McCaffrey averaged 22.2 ppg with the San Francisco 49ers against 19.7 with the Carolina Panthers. He was the overall RB2 last year. There’s plenty left in the tank.

1.06) Jonathan Taylor, RB, Indianapolis Colts

Jonathan Taylor averaged 13.3 ppg as one of the biggest first-overall pick busts in fantasy history last season. But he’s too talented, has too good of a role, and is too young to pass up here.

At 24 years old and just a year removed from an overall RB1 season, there’s no reason to think Taylor can’t bounce back. His offensive situation will get better with a rookie quarterback and a new coaching staff.

1.07) Tyreek Hill, WR, Miami Dolphins

Many dynasty managers preach “youth, youth, youth” when it comes to startups. I’m not one of those guys. I want elite production.

At 29 years old, Tyreek Hill has shown no signs of slowing down. The age at which wide receivers typically fall off is 32.

Hill averaged 21.4 ppg last season, just 0.5 ppg short of the best season of his career. He was the overall WR2. I will gladly take three years of that over 5+ years of a younger, less productive player.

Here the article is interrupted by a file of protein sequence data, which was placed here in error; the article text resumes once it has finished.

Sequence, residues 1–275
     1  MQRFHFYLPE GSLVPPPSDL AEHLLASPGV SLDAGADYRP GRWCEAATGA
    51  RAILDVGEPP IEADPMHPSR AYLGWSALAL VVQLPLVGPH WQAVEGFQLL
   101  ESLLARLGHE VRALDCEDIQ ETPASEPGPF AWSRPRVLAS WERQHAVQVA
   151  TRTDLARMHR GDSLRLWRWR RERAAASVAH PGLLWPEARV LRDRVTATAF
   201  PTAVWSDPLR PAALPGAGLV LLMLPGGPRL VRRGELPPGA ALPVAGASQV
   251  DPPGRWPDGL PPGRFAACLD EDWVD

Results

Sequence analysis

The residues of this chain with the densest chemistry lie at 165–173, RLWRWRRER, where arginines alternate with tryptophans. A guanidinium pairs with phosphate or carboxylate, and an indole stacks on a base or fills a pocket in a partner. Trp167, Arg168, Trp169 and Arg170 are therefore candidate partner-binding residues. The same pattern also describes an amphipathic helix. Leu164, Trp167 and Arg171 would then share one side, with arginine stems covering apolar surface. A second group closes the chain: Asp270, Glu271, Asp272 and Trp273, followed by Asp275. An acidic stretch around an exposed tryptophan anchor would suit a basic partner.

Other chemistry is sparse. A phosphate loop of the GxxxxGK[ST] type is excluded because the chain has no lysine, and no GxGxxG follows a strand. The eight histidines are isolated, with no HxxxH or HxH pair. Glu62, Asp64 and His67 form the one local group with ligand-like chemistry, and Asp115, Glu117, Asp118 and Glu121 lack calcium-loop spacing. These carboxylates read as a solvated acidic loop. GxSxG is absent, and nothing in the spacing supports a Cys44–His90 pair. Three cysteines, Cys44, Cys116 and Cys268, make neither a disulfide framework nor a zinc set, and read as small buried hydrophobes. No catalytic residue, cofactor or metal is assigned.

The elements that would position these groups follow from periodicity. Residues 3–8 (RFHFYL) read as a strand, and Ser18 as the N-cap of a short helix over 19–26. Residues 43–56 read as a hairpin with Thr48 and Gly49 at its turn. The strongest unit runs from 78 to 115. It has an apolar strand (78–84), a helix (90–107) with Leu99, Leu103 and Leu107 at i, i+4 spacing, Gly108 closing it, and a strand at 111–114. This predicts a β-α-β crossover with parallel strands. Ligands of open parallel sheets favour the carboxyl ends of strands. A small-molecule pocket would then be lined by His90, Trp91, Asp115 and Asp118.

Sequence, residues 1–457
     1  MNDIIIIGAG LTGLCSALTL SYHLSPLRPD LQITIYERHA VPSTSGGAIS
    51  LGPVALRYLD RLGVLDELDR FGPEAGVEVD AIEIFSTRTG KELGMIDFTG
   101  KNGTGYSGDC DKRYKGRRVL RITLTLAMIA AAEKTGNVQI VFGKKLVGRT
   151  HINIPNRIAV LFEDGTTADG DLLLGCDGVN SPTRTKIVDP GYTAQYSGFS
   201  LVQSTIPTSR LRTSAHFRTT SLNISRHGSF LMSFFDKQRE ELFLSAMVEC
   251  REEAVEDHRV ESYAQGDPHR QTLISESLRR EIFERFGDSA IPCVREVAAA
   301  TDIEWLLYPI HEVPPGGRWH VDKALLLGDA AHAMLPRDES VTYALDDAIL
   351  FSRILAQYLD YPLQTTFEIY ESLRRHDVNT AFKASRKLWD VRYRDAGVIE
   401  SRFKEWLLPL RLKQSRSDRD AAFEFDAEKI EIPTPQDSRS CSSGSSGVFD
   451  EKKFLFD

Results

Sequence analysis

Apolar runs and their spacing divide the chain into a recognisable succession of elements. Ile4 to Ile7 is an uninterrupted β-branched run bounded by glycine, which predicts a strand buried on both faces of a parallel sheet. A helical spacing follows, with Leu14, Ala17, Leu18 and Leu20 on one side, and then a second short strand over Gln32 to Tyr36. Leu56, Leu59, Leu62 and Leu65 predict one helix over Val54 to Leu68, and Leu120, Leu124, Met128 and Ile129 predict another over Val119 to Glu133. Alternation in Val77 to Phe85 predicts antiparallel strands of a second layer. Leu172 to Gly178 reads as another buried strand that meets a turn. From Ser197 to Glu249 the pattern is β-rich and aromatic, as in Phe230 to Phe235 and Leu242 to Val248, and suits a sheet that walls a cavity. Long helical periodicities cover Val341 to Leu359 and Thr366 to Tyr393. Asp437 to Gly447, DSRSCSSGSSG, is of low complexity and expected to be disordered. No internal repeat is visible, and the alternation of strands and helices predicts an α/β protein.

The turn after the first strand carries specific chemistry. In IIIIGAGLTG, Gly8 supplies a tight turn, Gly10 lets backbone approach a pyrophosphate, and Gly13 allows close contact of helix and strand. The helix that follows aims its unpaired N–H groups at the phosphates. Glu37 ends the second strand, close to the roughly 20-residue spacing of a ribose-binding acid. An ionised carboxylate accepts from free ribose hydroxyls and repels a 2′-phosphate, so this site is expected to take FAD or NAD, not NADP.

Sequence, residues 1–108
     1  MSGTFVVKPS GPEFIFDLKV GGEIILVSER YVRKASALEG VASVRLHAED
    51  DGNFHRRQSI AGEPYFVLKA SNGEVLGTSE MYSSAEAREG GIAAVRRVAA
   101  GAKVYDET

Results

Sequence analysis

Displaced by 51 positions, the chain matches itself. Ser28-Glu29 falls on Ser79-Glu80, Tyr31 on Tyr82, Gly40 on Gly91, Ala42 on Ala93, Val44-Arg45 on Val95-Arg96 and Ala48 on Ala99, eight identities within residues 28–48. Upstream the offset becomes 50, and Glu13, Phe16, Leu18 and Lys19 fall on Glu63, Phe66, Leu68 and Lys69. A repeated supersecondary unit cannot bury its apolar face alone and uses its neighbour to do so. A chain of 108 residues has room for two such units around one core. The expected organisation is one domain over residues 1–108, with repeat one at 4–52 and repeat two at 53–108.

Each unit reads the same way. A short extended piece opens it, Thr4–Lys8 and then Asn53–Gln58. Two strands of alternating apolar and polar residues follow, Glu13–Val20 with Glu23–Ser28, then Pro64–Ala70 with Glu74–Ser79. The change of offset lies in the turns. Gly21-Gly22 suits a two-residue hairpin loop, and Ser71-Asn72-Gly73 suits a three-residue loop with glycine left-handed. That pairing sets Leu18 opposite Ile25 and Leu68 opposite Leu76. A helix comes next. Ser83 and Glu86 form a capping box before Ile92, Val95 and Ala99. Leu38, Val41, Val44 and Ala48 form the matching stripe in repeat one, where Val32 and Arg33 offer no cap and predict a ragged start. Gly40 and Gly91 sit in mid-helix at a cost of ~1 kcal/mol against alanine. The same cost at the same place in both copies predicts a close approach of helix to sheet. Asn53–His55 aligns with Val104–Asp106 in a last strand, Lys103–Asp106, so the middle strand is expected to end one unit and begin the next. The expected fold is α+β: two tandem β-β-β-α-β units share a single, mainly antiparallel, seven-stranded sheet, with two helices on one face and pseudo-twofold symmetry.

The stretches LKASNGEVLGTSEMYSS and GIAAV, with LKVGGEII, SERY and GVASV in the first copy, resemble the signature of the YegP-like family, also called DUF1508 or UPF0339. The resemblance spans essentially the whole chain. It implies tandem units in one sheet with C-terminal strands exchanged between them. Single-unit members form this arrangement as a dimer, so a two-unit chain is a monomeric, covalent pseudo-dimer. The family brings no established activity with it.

1.08) Austin Ekeler, RB, Los Angeles Chargers

Hill started the run of what will be a series of older but still elite players. Austin Ekeler is going to be 28 years old this season. He also hasn’t shown a single sign of decline.

Similar to McCaffrey, Ekeler’s skill set is one that ages well. He’s tethered to Justin Herbert and just got an offensive coordinator upgrade in Kellen Moore. Give me 2-3 more seasons of elite RB1 production over younger but less talented players.